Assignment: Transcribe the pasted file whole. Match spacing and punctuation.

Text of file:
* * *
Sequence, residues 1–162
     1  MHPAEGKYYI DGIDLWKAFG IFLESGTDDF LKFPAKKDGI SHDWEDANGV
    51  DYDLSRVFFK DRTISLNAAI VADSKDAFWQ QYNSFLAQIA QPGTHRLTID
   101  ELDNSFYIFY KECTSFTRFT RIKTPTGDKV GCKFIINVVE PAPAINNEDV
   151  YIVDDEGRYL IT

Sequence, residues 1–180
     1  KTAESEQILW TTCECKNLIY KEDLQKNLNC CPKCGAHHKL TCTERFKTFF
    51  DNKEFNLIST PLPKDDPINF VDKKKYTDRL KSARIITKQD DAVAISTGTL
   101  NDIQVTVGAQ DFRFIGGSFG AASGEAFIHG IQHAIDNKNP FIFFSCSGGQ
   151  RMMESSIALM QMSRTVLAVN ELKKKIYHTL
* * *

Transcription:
Sequence, residues 1–162
     1  MHPAEGKYYI DGIDLWKAFG IFLESGTDDF LKFPAKKDGI SHDWEDANGV
    51  DYDLSRVFFK DRTISLNAAI VADSKDAFWQ QYNSFLAQIA QPGTHRLTID
   101  ELDNSFYIFY KECTSFTRFT RIKTPTGDKV GCKFIINVVE PAPAINNEDV
   151  YIVDDEGRYL IT

Sequence, residues 1–180
     1  KTAESEQILW TTCECKNLIY KEDLQKNLNC CPKCGAHHKL TCTERFKTFF
    51  DNKEFNLIST PLPKDDPINF VDKKKYTDRL KSARIITKQD DAVAISTGTL
   101  NDIQVTVGAQ DFRFIGGSFG AASGEAFIHG IQHAIDNKNP FIFFSCSGGQ
   151  RMMESSIALM QMSRTVLAVN ELKKKIYHTL